September 20, 2009 at 12:24 am | Reply
  20. bassam

    is a good action

    September 22, 2009 at 5:16 pm | Reply
  21. nk from Middle east

    I wonder what would have happened in Arab Countries if a Journalist had thrown a shoe at an Arab / Muslim Leader? They would have killed him that minute and maybe his family and the newspaper that he was representing. In Iran journalist are hanged, tortured for much less.

    In Saudi and entire TV station was shut down for reporting on a story on a Guy who has sex.

    It is so interesting how Iraqi's have forgotten what Saddam Hussain and his son's and family use to do to them. Are Iraqi's forgetting how they where freed from that dictator who killed and ... its own people?
    Or do they actually deserve the Saddam Days?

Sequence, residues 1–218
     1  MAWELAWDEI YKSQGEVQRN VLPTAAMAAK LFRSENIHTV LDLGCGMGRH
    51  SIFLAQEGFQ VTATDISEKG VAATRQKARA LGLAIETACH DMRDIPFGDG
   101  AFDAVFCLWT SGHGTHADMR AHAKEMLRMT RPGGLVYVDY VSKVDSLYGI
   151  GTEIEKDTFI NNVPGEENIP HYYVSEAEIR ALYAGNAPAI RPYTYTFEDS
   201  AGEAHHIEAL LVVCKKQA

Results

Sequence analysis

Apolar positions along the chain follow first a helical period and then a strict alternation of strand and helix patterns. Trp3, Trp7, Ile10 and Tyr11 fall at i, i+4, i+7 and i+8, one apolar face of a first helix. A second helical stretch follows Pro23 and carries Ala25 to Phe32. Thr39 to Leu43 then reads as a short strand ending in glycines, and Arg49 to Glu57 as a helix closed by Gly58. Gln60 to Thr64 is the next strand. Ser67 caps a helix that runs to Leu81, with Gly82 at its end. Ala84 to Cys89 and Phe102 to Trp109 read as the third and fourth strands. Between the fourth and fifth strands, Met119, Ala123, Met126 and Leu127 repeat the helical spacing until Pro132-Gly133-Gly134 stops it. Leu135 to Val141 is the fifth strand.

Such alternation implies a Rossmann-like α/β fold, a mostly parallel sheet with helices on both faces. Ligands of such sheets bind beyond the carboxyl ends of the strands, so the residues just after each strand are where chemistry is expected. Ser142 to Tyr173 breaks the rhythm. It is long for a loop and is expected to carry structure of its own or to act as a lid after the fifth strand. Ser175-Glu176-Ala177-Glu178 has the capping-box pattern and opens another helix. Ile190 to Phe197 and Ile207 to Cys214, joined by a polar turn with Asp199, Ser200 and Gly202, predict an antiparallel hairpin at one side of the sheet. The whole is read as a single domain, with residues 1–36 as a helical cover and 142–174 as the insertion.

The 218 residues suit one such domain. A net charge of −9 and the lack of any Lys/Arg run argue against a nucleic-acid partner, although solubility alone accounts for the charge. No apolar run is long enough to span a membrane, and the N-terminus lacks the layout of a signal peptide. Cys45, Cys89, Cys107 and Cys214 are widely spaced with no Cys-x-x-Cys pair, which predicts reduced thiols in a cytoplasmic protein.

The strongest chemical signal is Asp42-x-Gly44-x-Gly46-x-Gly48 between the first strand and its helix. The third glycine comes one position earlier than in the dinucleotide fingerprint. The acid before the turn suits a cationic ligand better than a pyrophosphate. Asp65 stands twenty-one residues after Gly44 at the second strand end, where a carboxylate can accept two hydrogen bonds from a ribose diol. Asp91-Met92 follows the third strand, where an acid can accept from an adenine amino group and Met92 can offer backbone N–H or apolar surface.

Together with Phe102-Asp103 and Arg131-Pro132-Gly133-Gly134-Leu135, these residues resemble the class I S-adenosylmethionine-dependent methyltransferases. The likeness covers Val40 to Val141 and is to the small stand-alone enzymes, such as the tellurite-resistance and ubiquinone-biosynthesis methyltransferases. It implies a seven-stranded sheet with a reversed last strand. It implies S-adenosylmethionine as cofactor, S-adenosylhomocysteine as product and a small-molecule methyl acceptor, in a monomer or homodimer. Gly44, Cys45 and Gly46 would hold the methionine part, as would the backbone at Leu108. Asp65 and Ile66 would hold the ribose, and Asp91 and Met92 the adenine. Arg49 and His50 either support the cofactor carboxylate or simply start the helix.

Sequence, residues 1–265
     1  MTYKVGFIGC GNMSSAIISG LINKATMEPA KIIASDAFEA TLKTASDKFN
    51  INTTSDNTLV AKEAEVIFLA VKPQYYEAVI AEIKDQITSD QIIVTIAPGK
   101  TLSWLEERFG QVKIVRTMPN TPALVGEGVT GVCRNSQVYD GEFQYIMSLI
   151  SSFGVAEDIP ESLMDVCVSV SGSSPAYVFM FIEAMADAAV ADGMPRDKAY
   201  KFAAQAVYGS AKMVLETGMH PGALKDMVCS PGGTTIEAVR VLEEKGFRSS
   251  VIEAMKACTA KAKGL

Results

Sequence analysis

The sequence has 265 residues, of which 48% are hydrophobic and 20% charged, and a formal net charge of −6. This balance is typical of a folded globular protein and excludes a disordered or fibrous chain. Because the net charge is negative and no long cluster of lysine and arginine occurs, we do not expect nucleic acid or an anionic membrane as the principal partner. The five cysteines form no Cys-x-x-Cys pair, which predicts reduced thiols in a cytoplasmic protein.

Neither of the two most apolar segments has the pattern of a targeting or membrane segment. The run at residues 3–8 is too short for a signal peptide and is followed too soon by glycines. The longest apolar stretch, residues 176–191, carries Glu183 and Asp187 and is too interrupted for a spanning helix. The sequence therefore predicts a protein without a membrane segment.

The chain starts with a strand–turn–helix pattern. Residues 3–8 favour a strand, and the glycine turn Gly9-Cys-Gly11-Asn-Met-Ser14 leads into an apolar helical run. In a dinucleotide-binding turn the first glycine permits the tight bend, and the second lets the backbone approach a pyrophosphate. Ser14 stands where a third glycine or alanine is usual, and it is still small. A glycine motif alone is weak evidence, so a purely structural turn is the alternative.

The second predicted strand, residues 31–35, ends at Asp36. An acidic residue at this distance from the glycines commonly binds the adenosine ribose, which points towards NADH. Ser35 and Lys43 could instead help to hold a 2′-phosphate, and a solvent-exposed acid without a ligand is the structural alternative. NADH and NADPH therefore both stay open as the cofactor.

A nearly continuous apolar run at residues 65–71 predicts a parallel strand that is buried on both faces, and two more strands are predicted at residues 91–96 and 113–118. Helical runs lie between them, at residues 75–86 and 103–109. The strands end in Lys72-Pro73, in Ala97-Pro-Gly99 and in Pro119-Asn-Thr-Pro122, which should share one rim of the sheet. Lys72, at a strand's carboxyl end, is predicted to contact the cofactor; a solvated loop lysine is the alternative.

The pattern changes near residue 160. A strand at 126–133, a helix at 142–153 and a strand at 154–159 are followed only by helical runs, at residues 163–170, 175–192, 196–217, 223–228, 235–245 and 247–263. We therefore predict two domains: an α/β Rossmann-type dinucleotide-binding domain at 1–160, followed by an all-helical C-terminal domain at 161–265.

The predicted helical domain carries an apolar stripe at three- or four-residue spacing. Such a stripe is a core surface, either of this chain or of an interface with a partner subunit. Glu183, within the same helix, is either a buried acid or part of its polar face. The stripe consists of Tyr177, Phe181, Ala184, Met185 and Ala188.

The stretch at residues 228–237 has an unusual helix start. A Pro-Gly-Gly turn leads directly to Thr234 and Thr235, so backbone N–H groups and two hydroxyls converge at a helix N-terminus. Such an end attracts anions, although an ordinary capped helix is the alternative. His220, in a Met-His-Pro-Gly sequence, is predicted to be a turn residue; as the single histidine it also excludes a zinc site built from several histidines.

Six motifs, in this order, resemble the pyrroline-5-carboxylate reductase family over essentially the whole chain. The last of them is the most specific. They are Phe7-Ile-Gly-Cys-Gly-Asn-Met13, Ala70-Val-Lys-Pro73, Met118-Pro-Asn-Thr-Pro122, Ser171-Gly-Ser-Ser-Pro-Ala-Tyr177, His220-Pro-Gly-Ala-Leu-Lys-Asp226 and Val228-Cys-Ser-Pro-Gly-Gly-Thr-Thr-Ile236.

How can you be such ungreatfull people? The problems that you face is not because of US or the west but that of your own people who are killing each other in the name of religion.

    Are you forgetting who happy you were when Saddam was over trown?

    The problem with muslim world is that you love blamming the " West " for your own shortcoming. Instead of killing each other and just having kids with no future foe the sake of religion try to change and learn how to improve your life

    October 11, 2009 at 1:37 am | Reply

Post a comment


CNN welcomes a lively and courteous discussion as long as you follow the Rules of Conduct set forth in our Terms of Service. Comments are not pre-screened before they post. You agree that anything you post may be used, along with your name and profile picture, in accordance with our Privacy Policy and the license you have granted pursuant to our Terms of Service.